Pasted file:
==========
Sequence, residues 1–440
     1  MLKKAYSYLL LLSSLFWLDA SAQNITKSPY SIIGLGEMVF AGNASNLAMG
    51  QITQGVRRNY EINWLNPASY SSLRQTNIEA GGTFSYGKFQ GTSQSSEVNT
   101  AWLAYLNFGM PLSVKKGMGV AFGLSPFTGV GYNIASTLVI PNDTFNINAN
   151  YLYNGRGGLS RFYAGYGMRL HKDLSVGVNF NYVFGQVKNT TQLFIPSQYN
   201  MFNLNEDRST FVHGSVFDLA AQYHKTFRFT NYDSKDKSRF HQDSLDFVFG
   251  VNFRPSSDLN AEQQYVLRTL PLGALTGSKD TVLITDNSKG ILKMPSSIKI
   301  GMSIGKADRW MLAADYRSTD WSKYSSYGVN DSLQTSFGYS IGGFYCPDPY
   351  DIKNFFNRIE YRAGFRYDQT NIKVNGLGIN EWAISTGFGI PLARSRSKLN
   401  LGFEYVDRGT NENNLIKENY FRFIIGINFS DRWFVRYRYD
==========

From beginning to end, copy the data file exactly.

Sequence, residues 1–440
     1  MLKKAYSYLL LLSSLFWLDA SAQNITKSPY SIIGLGEMVF AGNASNLAMG
    51  QITQGVRRNY EINWLNPASY SSLRQTNIEA GGTFSYGKFQ GTSQSSEVNT
   101  AWLAYLNFGM PLSVKKGMGV AFGLSPFTGV GYNIASTLVI PNDTFNINAN
   151  YLYNGRGGLS RFYAGYGMRL HKDLSVGVNF NYVFGQVKNT TQLFIPSQYN
   201  MFNLNEDRST FVHGSVFDLA AQYHKTFRFT NYDSKDKSRF HQDSLDFVFG
   251  VNFRPSSDLN AEQQYVLRTL PLGALTGSKD TVLITDNSKG ILKMPSSIKI
   301  GMSIGKADRW MLAADYRSTD WSKYSSYGVN DSLQTSFGYS IGGFYCPDPY
   351  DIKNFFNRIE YRAGFRYDQT NIKVNGLGIN EWAISTGFGI PLARSRSKLN
   401  LGFEYVDRGT NENNLIKENY FRFIIGINFS DRWFVRYRYD